Study Tips to Help You Through Midterms

Bishop’s has one of the best work-play balances in the country. With many opportunities to play, it is important to remember that your primary objective sometimes must be to work. Establishing a good work and study ethic will allow you to attain great academic success. Consider the following questions when setting up your study schedule. While you answer these next few questions, be honest with yourself. It’s the only way you’ll develop a schedule you can follow.Bishop's picturesque campus

  1. How much time a week can you contribute to studying a particular subject? I recommend setting aside about 34 hours a week per subject which comes to about 1520 hours a week for students taking a full course load. Some weeks may require more or less. If at any point your extracurricular activities compromise your allocated study time, you may want to reconsider your priorities.
  1. Do you need to spend more time on a certain subject? If you are a Physics wiz and Spanish is not your cup of tea, you may want to allocate more time to practicing your Spanish verbs. Spending less time studying physics may be an option also.
  1. Are you a night owl or an early bird? This is extremely important. I spent so much time trying to convince myself I was an early bird. I’d go to bed early with the intention of waking up at 7am and getting to the library at 8 am. Although I would wake up at 7 am, I could not physically get out of bed until 8:30 am. Once I accepted the fact I was a night owl, I felt a lot better. I could go to bed without the stress of hoping to finish my work in the morning before class because it was already done.
  1. In what kind of environment are you the most productive? My roommate needs a space with a lot of light and total silence. I usually listen to music when I study and prefer long tables, which give me as much space as possible. Some need a space that has food nearby. Some like to get their work done on the couch whereas others may need a sturdy chair. Identify the best work space for you as early as possible and don’t hesitate to change spots once in awhile.

These questions are meant to aid you in identifying the study style that allows you to be most productive and able to get your work done efficiently. Your focus should be on the amount of work you get done and how well you understand the material rather than the amount of time you have spent doing work. The two aforementioned factors are your indicators that you have established the best system. Also keep in mind that your schedule is flexible and subject to change on a weekly and even daily basis. I recommend at the beginning of each week writing down all the projects, meetings and activities you have scheduled for the week. This will allow you to set up an adequate timetable that you can follow.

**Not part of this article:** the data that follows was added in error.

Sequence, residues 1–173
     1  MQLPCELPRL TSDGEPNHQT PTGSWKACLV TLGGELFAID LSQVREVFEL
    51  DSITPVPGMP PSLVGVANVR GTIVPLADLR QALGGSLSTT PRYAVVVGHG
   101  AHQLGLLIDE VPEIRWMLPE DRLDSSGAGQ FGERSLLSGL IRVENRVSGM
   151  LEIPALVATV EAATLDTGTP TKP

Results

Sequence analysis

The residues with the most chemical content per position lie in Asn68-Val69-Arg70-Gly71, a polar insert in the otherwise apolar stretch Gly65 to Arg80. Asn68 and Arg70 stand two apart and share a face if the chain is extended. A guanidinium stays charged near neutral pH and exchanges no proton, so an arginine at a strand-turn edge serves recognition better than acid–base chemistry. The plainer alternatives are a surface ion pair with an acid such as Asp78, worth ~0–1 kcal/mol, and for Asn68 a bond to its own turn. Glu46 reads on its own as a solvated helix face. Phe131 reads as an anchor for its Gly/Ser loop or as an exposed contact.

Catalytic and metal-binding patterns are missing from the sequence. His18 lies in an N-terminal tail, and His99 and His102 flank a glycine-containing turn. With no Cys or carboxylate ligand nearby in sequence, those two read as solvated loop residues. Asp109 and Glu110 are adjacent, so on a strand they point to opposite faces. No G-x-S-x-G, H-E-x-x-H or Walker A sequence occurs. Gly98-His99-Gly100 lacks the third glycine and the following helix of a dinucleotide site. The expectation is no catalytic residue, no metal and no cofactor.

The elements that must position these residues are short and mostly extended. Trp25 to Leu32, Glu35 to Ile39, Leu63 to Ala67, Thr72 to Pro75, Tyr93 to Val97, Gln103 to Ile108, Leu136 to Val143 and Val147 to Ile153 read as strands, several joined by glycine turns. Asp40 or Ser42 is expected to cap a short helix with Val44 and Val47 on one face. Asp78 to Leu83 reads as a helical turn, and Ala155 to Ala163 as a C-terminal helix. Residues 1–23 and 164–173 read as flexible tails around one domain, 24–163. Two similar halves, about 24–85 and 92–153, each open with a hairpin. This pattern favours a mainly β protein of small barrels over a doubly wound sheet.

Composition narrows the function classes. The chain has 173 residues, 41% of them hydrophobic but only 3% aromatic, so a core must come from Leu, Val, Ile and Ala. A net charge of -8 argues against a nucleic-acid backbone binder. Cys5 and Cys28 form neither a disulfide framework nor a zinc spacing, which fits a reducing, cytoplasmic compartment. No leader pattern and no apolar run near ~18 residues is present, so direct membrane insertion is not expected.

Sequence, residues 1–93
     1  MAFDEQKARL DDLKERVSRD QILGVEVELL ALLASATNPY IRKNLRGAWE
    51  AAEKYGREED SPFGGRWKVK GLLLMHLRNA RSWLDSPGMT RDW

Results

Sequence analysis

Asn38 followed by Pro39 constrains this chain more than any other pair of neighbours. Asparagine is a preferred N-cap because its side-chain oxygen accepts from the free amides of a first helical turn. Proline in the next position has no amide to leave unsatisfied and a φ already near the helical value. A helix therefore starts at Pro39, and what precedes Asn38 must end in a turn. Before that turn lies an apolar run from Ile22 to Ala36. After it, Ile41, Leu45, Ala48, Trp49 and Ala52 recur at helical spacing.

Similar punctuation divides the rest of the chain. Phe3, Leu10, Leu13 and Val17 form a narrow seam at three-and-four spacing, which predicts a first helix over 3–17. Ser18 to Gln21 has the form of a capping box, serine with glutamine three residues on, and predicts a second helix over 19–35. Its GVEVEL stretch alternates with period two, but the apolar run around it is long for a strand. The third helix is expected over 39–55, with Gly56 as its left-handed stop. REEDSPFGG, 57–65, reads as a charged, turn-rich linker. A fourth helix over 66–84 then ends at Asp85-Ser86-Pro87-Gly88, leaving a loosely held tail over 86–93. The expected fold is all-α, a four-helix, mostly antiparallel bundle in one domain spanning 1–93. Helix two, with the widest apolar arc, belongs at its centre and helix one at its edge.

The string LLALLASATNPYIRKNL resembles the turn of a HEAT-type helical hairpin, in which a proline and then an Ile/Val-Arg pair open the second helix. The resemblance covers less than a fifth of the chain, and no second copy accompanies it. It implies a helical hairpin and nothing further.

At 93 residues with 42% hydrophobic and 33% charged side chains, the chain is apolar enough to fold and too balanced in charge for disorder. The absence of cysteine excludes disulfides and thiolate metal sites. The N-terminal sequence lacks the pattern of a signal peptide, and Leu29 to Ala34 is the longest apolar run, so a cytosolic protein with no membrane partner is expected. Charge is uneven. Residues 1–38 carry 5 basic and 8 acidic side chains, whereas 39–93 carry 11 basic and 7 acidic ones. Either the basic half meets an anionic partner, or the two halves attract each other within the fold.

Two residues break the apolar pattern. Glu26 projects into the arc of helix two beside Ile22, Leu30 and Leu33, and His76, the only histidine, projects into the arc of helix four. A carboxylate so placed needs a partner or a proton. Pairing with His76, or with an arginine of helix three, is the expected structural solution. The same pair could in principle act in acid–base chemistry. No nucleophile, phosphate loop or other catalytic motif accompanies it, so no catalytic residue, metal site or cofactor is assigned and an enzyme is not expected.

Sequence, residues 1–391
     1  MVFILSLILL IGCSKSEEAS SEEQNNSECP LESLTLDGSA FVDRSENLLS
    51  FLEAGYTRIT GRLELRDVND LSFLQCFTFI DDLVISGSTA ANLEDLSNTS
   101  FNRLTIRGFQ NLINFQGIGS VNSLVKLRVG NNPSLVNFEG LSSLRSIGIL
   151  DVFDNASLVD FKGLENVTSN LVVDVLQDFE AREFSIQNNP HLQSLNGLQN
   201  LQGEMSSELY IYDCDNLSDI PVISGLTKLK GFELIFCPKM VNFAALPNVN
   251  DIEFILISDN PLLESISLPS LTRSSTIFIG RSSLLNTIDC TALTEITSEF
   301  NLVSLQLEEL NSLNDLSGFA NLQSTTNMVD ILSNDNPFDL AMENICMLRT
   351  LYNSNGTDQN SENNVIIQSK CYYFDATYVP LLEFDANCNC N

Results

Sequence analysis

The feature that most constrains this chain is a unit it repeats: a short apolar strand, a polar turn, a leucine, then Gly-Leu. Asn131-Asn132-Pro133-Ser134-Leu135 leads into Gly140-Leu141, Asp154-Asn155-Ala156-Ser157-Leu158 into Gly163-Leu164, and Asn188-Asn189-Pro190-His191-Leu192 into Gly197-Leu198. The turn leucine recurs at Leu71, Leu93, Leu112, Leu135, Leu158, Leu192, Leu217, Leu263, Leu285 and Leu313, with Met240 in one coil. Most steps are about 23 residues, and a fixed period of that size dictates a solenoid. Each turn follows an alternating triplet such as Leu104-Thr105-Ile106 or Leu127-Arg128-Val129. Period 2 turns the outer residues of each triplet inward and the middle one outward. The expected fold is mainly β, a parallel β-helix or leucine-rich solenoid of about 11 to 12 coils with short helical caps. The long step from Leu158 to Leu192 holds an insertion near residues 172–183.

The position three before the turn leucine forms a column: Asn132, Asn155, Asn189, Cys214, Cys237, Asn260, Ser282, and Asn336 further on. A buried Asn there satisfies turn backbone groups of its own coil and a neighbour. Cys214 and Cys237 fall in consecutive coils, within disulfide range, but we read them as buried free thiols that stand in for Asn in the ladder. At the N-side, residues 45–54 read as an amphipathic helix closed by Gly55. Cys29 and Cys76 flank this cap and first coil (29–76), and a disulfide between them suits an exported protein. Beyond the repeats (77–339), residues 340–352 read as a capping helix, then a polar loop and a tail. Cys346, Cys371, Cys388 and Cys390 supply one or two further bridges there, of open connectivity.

Now that you’ve identified your study style, here are some great places to study:

The library is great and has spaces for different study styles. The couch room is more for casual studying. People study and do readings on the couches. It is also an excellent place for light group discussions. Same can be said for the map room and graduate room located in the basementDSC_3434.For silent areas, the reference room and the deepest part of the basement (a.k.a. the dungeon) are your best options. The other areas, particularly the cubicles on the second floor are quiet spaces. What’s also great about the library is that I do not have to lug around my laptop. I can either borrow a laptop from the front desk or use the computer lab. I can also do my readings if the professor has put the required textbook on reserve. I do not have to purchase the book which saves me a couple of bucks.

Dewhurst is another good place to study if you are not easily distracted and can concentrate with noise around. One great advantage is that you are near an abundance of food.

Other great options for completing work are the lounges in the sports complex and the study hall in the Gait.

Lastly, some departments have designated lounges for their student. This is true for chemistry, biology, business, and education, as well as some other departments.

Happy studying and good luck on your midterms!

-Rhonda Boateng

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